| As a parent, helping with homework is one of our biggest responsibilities. It is also the one most likely to deal a drastic blow to our self-esteem. When our children are young we appear almost omnipotent to them, or at least, really smart people who know lots of stuff. When we start helping them with their homework the first seeds of doubt are formed in their little minds as to our actual intellectual capacity. By the time they are in high school they are firmly convinced that we are pretty numb and generally confident that we know very little about anything, school related or not. It's a long and ugly fall.
I have taken the homework responsibility very seriously over the years. So much so, that I made a point of reading my children's textbooks if I felt I needed to brush up on a subject or learn something new. Although it was an heroic attempt on my part, it did not always prove a successful one, which always made me feel in adequate.
The other day Chuck told me that he needed help with his chemistry homework and I responded that I would be happy to help. He told me that I was going to have to be unhappy because I couldn't help. He wasn't mean about it, but I got the point. He told me that he was going to call his sister's fiancé, Steve, who has a masters degree in analytical chemistry.
“Really?” I asked. “Are you sure I can't help?”
“I don't know, Mom,” he said. “How much do you know about wavelength-dispersive spectral analysis of electron transfer kinetics?”
I told him that I knew enough to tell him to call Steve.
“Exactly,” he said.
Unfortunately, Steve and Katie live in Calgary, Alberta, which means that calling them involves a little more than just picking up the phone. Usually, we video chat with them, which is helpful if Chuck wants to show Steve something in his chemistry text book. As they chatted away about the complex math involved with analyzing electrons, I listened closely to try and learn something until the moment when I felt my brains starting to leak out of my eye sockets, at which point I focused instead on the black hole in my brain into which the information was being sucked and then disappearing. It was dark and frightening.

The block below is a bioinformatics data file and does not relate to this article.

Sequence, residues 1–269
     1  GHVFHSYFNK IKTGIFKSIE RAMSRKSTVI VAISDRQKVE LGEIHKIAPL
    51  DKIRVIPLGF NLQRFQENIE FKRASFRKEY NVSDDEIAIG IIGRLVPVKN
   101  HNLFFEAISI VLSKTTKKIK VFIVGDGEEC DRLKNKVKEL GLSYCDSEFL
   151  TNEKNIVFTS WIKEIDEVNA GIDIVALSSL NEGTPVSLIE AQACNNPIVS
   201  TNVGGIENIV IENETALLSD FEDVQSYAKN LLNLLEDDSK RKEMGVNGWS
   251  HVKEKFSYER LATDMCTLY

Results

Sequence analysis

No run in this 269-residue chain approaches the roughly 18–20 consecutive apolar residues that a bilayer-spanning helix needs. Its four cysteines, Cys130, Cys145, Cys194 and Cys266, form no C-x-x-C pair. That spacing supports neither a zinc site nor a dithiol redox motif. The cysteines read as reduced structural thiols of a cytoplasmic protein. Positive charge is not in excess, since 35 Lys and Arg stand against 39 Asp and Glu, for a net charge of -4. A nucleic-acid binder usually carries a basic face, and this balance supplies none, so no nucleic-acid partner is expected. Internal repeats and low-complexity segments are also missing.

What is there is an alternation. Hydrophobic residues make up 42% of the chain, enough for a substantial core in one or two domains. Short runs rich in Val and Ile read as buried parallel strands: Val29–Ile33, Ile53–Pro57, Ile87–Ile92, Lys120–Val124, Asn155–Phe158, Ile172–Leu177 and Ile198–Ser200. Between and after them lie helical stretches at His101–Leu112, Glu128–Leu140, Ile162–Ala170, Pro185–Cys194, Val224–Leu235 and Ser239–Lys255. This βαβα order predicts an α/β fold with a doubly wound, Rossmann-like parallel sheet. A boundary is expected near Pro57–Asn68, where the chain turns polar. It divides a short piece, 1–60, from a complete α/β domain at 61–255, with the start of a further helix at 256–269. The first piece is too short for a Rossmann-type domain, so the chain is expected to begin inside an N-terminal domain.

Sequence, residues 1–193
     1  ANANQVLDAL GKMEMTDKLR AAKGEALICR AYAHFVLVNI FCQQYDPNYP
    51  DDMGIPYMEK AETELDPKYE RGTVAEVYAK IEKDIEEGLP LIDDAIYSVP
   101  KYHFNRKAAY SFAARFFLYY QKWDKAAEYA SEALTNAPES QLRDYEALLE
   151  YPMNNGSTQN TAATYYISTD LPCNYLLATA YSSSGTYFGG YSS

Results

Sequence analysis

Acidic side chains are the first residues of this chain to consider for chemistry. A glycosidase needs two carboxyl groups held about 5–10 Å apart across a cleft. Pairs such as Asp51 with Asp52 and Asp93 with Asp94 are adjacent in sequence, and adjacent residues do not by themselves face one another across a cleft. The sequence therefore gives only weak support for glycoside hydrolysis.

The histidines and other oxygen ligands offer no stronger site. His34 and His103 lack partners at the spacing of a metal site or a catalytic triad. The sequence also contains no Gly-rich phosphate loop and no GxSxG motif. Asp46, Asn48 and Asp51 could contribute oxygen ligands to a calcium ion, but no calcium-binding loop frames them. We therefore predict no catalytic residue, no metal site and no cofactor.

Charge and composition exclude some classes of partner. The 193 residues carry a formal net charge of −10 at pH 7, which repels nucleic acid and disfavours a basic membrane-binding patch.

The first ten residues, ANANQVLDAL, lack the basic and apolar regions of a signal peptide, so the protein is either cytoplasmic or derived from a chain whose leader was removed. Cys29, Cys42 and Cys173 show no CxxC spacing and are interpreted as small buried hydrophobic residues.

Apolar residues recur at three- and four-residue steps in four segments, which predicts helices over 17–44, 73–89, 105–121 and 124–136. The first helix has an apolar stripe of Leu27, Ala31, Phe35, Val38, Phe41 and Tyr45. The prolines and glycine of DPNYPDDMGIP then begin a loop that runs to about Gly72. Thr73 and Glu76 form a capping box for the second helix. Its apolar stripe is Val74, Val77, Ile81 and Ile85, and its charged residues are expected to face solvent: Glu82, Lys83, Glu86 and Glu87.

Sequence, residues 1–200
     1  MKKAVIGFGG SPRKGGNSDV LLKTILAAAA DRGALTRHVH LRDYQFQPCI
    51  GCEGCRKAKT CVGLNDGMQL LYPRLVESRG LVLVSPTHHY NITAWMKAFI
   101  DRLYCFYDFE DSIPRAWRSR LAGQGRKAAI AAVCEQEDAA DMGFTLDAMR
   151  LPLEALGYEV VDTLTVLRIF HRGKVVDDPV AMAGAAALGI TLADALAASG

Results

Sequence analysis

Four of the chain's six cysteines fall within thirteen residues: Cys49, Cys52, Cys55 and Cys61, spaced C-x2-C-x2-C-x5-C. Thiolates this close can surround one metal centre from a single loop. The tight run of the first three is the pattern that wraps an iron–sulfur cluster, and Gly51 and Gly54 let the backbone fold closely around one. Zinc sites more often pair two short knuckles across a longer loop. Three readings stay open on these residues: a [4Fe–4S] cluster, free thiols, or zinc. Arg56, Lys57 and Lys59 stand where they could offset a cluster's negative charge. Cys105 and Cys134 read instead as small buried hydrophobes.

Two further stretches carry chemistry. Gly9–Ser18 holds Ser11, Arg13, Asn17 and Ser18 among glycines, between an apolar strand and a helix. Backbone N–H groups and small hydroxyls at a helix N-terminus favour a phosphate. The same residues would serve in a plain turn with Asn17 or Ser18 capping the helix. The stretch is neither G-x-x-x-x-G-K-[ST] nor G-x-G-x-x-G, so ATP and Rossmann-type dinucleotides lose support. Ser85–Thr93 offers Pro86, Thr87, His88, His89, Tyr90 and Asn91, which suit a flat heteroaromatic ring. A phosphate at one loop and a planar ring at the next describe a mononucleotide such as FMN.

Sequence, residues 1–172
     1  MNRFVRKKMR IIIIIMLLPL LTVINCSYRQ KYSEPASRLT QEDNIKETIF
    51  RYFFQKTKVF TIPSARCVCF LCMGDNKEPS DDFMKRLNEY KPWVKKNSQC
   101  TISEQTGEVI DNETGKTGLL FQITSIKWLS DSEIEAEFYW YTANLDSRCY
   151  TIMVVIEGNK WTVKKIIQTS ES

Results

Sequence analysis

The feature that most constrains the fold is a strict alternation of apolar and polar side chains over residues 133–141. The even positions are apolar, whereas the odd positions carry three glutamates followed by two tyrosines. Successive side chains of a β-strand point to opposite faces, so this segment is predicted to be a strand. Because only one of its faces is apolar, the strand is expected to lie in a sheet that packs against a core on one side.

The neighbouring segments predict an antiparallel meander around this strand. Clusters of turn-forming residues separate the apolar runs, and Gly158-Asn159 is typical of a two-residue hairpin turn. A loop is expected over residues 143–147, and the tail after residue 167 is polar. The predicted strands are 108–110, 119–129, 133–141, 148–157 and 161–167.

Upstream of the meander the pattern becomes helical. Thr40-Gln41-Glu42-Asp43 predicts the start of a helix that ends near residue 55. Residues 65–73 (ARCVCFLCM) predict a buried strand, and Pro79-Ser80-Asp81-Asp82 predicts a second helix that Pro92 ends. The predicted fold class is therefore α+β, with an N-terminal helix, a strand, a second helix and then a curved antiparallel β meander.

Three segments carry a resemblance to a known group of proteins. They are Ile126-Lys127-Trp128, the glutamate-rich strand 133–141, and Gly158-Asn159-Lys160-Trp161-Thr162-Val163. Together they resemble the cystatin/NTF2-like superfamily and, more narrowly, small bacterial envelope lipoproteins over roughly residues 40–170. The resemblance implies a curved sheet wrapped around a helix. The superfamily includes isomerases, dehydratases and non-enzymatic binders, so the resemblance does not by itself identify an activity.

Let's face it, there is a lot more scientific information out there than there was in my time. Actually, there is a lot more information period, and my Herculean efforts to stay current have had mixed results. I love science and read a lot about it, but there was no way we ever covered anything like what Chuck was doing in my high school chemistry class. I recall distilling water and discovering that silver nitrate stains your skin a hideous brown color that takes a month to wash off, but spectral analysis of electrons? No way. Did they even have that technology back when I was Chuck's age? I'm pretty old. Spectral analysis of electrons might have been something like shining a flashlight at an atom while holding it up to a mirror for all I know. I felt entirely numb and superfluous.
Chuck likes to tell me that there is so much new information out there and so much more complex technology that it is nearly impossible to obtain a broad, general education in the 12 years of public school. That may be true. Our culture has certainly come to admire specialization and view general knowledge as some kind of an anachronism. So long as you are really, really good at one thing, you can be stone, cold stupid about everything else and still be considered a really smart person. Who cares if you can barely write a coherent sentence or locate your country on a world map? All you have to do is create some computer program that makes it possible for people to download ridiculous, time wasting information to their cell phones and you're Albert Einstein. Personally, I find this trend rather depressing and limiting, but who cares what I think? I'm old.
Back in the day people who were educated in the classical style learned science too. They also studied literature, philosophy, mathematics, Latin, Greek, metaphysics, music, history, and rhetoric. That's a lot of stuff. Are students today really having to learn more subjects or just different subjects? No one studies Greek or Latin or philosophy on the public school level anymore and the art of rhetoric is lost even on the college level. Too bad about that, really, since our new geniuses in the public arena can't seem to ever argue a point or give a speech that doesn't sound sort of dumb. Not to worry, I'm sure someone will come along and program a computer to do it for them.